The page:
¶ 45 In Proposition XVII Fitzgerald argues the cumulative error in this case was, in and of itself, an arbitrary factor that requires reversal. There are five separate serious errors in the sentencing stage. They include errors in jury selection as well as evidentiary errors and the refusal of a factor in mitigation. Any one of these, standing alone, might not require reversal. We need not decide whether these errors are individually reversible because in combination they denied Fitzgerald a fair and reliable sentencing proceeding. The trial was well conducted, and the prosecutor behaved fairly and with propriety. However, in the second stage a pro se defendant was unable to life-qualify his jury, was denied experts to assist in presentation of mitigating evidence, chose not to present such evidence without guidance or inquiry from the trial court, was denied the opportunity to rebut evidence of an aggravating circumstance, and was denied the chance to list a circumstance of the crime in mitigation. We were unable to find any of these errors individually harmless beyond a reasonable doubt. Their combination requires reversal.72 As we must reverse on these issues, we do not address the remaining propositions of error.73
¶ 1 I do not disagree with the result in this opinion which affirms the conviction but remands for resentencing. However, I do disagree with the analysis that is applied regarding the procedure for request of expert witnesses.1 I do not believe the mere noting of the provisions of 19 O.S.Supp.1992, § 138.8, is sufficient to address the problems I see with the analysis.
¶ 2 To appreciate and understand the application of this statutory reference, a review of the history of the statute, together with revisions and ultimate repeal of 22 O.S.Supp.1985, § 464, must be made. From statehood until 1991, Title 22 had contained a Section 464. Up until 1985, that particular section related only to the right to counsel prior to arraignment and provided for compensation of counsel. However, in 1985, Section 464 was amended to address the Ake 2 problem. In that amendment, the Legislature created a procedure for an individual charged with a crime where the death penalty could be imposed to apply for an expert witness. That amendment required the trial court to rule on the reasonableness of the request by the defendant for expert witnesses and other services. It also provided for the payment of compensation to expert witnesses out of the state judicial fund in a sum not to exceed $750.00 per defendant, with the specific amount to be determined by the trial judge, subject to the approval of the Chief Justice. In addition, the amendment provided that expenses in excess of $750.00 per defendant could be compensated upon application and approval of the Chief Justice, according to rules promulgated by the Supreme Court. Additionally, it stated that no application for compensation of expert witnesses and other services would be heard by the trial court prior to the final trial disposition. This statute was repealed by Laws 1991, c. 238, § 37, eff. July 1, 1991.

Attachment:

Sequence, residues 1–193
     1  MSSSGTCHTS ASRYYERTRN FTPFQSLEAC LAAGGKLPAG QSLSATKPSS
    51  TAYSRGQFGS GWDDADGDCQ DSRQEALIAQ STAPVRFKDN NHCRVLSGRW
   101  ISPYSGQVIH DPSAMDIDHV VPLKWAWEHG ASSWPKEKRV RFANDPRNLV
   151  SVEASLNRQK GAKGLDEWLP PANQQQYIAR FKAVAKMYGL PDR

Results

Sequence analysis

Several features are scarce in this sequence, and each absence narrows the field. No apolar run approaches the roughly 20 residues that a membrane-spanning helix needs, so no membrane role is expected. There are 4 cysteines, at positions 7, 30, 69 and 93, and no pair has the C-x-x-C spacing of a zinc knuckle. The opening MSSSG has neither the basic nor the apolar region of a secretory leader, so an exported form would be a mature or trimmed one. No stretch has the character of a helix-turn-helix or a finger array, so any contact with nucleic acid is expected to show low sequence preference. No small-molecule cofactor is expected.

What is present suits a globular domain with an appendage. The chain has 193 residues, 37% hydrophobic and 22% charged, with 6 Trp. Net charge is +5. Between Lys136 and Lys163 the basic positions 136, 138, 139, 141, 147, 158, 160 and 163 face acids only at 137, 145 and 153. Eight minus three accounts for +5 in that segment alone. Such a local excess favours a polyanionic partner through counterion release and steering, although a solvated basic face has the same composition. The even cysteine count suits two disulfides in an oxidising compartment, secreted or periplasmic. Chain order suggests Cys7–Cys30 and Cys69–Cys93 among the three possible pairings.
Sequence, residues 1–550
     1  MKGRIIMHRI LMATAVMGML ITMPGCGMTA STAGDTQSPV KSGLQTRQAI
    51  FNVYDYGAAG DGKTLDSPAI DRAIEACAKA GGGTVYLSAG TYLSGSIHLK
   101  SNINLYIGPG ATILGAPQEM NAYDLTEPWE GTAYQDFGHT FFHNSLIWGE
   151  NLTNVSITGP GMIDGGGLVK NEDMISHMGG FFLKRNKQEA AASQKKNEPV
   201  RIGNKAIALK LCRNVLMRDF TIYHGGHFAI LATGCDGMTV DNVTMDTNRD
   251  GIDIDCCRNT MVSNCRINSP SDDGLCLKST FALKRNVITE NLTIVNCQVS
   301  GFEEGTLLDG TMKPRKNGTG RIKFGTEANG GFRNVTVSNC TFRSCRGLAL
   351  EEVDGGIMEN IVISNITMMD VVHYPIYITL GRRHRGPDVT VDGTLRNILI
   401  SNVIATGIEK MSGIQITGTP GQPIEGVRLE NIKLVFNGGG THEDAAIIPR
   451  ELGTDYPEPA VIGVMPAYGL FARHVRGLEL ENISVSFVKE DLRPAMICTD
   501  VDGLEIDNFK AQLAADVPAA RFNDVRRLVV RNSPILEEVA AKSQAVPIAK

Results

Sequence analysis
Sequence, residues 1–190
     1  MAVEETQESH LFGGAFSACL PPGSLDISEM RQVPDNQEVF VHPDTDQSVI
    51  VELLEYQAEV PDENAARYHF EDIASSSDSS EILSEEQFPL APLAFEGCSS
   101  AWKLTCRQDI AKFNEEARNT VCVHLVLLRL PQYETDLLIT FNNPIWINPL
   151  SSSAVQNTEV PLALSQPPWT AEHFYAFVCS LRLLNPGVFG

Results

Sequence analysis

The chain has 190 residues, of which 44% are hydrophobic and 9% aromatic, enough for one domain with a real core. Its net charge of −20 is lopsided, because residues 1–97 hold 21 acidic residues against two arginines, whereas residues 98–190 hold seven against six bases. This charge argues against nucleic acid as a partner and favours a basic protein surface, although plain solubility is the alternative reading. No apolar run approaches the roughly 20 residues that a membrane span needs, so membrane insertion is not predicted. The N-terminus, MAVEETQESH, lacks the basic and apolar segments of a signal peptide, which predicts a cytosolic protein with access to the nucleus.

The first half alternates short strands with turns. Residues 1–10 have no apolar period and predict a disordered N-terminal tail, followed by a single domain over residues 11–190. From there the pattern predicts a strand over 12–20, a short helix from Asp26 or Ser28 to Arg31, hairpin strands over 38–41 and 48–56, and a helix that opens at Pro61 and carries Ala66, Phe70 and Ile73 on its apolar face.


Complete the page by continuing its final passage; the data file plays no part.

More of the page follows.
¶ 3 That repealer was at the end of the Indigent Defense Act which created the Oklahoma Indigent Defense System. Prior to that time, there had been an Oklahoma Public Defender System which provided only limited services on a statewide basis, and almost all appointments of attorneys for indigent defense at the trial level were made by the District Courts with the attorneys being compensated through the court fund. This Act created a body of new law in formulating the organization of the Oklahoma Indigent Defense System (O.I.D.S.), its Board and Executive Director. A part of that Act provided the Executive Director of O.I.D.S. would determine payment of expert witness services “at a reasonable hourly rate”. Exceptions were made for those counties above 200,000 population, according to the federal decennial census of 1960 or any succeeding federal decennial census. The repealer to this Act included Section 464, Title 22. Then in 1992, the Act was amended 3 and expanded the duties of the Executive Director and the Indigent Defense Board. This amendment included the requirement for the payment of expert witnesses as authorized by the Executive Director to be subject to the approval of the Board.
¶ 4 As the opinion notes in footnote 25, we held in Toles v. State, 947 P.2d at 187-88, there was no Ake violation where the Executive Director failed to approve an attorney's request for a pharmacologist to investigate and develop a voluntary intoxication defense. That provision was a part of the new law, which was added in the 1991 Act. In the 1992 Act, in Section 21, the Legislature added Section 138.8 of Title 19, which states, “in counties subject to the provisions of Section 138.1 of Title 19 of the Oklahoma Statutes, expert witness compensation for indigent defense shall be paid by the Court fund pursuant to procedures established by the governing board of the Court fund.” It would appear, the repealer at the end of the 1991 Act, which repealed Section 464, vacated the only statutory authorization/procedure for the appointment and compensation of expert witnesses. A logical reading of the sequence of events in these Session Laws is that the repealer, which did not provide a vehicle for Oklahoma and Tulsa counties to pay expert witnesses since they were not a part of the Indigent Defense System, was overlooked and subsequently corrected at the first opportunity in the 1992 session.